Dealing With “Detached HEAD” State in Git

When you pull in branches from your repository remote or upstream by running say git pull origin master (to pull changes from origin master branch) or git pull upstream non-breaking-space to pull in non-breaking-space branch from upstream; checking out any of these remote branch (e.g. git checkout upstream/non-breaking-space) will result in detached HEAD state because they aren’t proper branches as they do not (currently) exist locally.

In a nutshell, detached HEAD state occurs when you try to checkout something that is not a local branch. It can be a commit, a tag or a remote branch.

when you make changes and commit them, these changes do not belong to any branch but that doesn’t mean the commits are deleted if you eventually switch to another branch.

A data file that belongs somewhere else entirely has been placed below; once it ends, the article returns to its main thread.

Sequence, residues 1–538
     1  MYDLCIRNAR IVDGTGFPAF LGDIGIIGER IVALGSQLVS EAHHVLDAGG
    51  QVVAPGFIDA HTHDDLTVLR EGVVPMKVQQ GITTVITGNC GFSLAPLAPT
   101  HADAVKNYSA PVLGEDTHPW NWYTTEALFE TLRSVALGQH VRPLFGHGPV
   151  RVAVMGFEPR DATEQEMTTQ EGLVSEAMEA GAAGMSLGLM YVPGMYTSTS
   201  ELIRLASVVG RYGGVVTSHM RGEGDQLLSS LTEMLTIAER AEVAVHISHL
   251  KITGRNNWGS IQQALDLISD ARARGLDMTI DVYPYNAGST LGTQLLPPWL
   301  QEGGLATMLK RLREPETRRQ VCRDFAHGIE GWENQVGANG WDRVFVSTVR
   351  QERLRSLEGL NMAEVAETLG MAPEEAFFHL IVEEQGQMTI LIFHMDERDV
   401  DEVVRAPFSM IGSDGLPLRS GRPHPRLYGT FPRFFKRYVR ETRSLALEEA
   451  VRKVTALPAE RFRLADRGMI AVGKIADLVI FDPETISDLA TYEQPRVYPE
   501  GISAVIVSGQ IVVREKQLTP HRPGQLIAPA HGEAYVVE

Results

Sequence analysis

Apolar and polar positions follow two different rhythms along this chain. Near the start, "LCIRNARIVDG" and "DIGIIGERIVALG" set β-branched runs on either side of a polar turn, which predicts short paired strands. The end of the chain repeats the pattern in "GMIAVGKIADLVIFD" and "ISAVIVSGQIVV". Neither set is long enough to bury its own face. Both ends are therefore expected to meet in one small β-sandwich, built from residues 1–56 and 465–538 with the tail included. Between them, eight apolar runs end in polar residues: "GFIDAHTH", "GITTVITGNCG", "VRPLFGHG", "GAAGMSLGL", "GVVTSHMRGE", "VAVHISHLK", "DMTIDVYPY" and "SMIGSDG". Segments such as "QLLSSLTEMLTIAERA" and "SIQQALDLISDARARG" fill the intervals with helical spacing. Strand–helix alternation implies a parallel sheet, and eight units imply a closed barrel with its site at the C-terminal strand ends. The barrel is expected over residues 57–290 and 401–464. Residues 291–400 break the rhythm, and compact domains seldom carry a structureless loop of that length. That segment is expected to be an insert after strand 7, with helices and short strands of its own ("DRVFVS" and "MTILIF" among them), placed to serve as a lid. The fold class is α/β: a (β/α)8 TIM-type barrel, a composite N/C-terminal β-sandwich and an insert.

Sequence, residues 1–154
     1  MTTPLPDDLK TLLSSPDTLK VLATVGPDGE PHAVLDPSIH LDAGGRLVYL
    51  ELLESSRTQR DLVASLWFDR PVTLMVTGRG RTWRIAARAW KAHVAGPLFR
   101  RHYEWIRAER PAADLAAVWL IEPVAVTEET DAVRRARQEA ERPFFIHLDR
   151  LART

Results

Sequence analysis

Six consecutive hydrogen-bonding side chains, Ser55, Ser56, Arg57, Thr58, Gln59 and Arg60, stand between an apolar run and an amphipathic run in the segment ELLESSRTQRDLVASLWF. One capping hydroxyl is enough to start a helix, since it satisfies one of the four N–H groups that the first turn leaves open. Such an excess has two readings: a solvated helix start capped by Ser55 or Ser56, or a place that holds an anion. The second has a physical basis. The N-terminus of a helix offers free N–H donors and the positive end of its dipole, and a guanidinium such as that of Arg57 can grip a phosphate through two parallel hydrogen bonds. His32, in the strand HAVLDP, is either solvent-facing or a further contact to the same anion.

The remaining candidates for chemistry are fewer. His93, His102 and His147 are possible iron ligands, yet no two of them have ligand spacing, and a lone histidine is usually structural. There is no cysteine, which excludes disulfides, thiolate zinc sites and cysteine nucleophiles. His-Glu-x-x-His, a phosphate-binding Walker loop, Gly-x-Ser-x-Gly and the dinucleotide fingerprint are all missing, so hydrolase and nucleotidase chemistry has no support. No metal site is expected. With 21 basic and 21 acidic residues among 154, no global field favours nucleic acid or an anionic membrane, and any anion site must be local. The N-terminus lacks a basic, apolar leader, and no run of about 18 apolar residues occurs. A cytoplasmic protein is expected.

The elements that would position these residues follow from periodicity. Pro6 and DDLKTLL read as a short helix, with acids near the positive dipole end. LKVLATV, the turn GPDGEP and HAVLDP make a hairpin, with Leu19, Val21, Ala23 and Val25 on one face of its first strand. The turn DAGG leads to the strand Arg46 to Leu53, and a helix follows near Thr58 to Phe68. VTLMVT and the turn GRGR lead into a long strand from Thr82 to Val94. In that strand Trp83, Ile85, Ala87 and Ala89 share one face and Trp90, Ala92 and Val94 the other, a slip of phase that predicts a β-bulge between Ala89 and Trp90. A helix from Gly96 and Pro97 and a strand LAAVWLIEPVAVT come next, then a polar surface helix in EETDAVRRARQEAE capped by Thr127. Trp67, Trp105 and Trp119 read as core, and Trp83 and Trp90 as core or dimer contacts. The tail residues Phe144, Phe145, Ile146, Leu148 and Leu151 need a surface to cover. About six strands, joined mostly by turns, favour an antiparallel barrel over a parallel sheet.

As displayed in the command line interface, you have to check out a new branch to retain any changes and commits made like so:

Say you created a, staged and committed the change. And then switch to branch SupportElements.

To include the commit we made in detached head state above to our current branch; firstly, the SHA-1 checksum of the commit has to be known.

If you don’t know it, run git reflog show HEAD@{now} -10 to list ten revision history of HEAD.

Note: HEAD is actually a special type of reference that points to another reference. It may point to master or it may not (it will point to whichever branch is currently checked out).

With the SHA-1 checksum of the commit known, run git cherry-pick 1b990a8 to import or rebase the commit on the branch.

I wrote about cherry-pick in a previous post. You might want to check it out.

La Fin!

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